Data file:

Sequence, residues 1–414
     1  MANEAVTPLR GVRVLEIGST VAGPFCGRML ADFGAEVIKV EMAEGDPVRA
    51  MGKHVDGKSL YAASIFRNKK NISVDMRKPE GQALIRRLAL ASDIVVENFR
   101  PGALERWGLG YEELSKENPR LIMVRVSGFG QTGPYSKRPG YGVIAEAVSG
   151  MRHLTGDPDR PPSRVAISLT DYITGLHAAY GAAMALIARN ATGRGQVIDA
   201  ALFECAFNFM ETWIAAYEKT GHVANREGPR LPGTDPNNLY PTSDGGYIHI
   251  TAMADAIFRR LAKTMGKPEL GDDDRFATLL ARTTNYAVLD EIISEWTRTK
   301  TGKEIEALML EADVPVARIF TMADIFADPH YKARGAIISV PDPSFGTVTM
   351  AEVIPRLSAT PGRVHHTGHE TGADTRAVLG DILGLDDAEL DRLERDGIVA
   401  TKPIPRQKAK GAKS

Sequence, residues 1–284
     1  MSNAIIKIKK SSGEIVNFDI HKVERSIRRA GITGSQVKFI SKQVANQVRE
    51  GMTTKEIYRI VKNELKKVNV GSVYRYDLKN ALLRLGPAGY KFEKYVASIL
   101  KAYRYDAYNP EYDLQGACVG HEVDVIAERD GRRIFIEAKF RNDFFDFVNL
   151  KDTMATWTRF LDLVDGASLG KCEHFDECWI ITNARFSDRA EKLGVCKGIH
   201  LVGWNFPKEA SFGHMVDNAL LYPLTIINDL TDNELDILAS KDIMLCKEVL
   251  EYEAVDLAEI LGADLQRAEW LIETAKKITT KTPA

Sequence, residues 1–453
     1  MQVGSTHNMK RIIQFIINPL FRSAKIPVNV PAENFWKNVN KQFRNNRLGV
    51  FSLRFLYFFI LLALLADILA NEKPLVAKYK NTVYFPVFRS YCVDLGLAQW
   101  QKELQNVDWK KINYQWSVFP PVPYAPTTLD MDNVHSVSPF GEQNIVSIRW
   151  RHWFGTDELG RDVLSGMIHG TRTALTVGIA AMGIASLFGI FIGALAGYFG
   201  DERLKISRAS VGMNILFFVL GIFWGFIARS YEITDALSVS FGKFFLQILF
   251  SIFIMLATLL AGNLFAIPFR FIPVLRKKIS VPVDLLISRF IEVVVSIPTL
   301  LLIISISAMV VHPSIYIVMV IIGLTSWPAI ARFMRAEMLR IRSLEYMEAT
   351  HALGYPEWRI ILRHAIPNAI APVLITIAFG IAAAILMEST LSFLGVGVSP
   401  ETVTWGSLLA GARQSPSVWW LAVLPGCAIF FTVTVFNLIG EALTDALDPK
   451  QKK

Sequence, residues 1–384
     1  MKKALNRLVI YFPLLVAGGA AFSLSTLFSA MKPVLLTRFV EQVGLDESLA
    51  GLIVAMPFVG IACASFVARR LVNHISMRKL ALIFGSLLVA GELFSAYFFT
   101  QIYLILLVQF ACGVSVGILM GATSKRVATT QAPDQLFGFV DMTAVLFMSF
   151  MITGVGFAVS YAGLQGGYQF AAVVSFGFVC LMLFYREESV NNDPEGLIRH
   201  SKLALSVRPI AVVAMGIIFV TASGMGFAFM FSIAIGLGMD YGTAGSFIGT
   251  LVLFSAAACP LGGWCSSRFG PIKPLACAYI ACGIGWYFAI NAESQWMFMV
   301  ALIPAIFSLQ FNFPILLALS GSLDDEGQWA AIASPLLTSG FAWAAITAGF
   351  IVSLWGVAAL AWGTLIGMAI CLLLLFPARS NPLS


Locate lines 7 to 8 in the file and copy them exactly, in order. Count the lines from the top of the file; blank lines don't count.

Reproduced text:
   251  TAMADAIFRR LAKTMGKPEL GDDDRFATLL ARTTNYAVLD EIISEWTRTK
   301  TGKEIEALML EADVPVARIF TMADIFADPH YKARGAIISV PDPSFGTVTM